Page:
Yeah. We thought about this very early on. And we believe that that the people that can deliver value the fastest and demonstrate that it works the fastest are going to dominate the space So until what I, what I mean by that is, is that, in traditional software development, when you write code, it does the thing that you told it to do. Because you told it to do it, right. In AI, there’s this AI engine that cannot be, may or may not work. Like for the for the problem, like it may or may not like, hey, it works in 90% of the cases, and it may not work in 10% of the cases for whatever, whatever reason. And and so you’re consistently trying to answer the question, does the AI work for for your customers, and we think that the people that can actually prove that that works the fastest, are going to ultimately put systems into production and gain market share. And so and so you got,
Alexander Ferguson 30:49
when you say the proves that the fastest, you’re really saying of someone says, alright, show me and they say, okay, click this button. Now it shows you like the speed of execution from they are interested to it being deployed is that the speed that you’re so specifically
Ryan Welsh 31:06
working on third data, so here’s here’s the interesting thing about about machine learning is you can train it on a data set. And if the customer data is not even, like totally different, like actually just a little bit different, it won’t work on the customer data. And so now you’re saying to your customer, okay, customer, collect a bunch of data, send it out to either we’ll label it, or we’ll send it out to some other party to get it labeled, We’ll train our algorithms, and then we’ll come back in six months, and we’ll show you that it works. Right. And so like, six months, just to see that it works on your data is just way, way too slow. Whereas in traditional, you know, software, you know, you can just go in, and you can see that see that it works like oh, this, this works on my on my data on my structured data. Now, it’s it’s harder what you’re doing with with machine learning, but just all of that time and energy and effort that goes into proving that the API works. I think people just just lose interest. And they say, all right, am I gonna have to do this every single time? So say, my data isn’t static, say it updates? All right, well, how many times do I need to, you know, retune the models and label more data? And now we’re going through this process again? And it’s like, Is it always going to do this? And so yeah, I think it’s I think it’s, it’s both from from like, first meeting to deployment. But then there’s this crucial period in the middle, that’s first meeting just to proving that it works on the customer data that I think a lot of people fall down on.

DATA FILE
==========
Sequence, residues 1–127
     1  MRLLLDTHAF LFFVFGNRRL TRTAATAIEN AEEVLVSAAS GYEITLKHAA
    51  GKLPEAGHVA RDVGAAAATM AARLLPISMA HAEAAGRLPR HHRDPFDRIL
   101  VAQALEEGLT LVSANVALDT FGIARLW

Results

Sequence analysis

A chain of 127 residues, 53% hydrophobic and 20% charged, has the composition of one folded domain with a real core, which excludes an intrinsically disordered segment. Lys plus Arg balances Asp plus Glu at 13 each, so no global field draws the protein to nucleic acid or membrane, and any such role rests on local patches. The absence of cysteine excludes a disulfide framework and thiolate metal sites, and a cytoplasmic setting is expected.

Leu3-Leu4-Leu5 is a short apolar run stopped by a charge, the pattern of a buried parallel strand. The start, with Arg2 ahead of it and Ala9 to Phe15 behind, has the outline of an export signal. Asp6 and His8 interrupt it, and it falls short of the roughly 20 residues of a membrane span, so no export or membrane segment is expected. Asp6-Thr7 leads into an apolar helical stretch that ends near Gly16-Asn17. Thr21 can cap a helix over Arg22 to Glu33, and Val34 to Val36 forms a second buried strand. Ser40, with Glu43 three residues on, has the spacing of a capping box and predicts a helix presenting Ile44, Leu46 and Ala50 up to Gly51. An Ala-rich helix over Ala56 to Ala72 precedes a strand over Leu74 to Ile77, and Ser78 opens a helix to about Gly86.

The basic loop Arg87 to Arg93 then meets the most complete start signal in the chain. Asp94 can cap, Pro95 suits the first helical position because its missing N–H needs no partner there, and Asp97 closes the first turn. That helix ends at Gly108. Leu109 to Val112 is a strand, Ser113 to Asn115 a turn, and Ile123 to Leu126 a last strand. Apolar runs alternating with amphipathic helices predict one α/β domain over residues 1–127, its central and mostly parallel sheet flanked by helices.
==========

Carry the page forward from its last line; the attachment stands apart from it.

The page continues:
Alexander Ferguson 32:40
I feel like, if that happened in the consumer world, consumers wouldn’t use a product if it if we assume I’ll sign up here, I press a button, and now I’m using it, it works. You’re and in the business world, it’s has to be somewhat as close to the similar as possible.
Ryan Welsh 32:57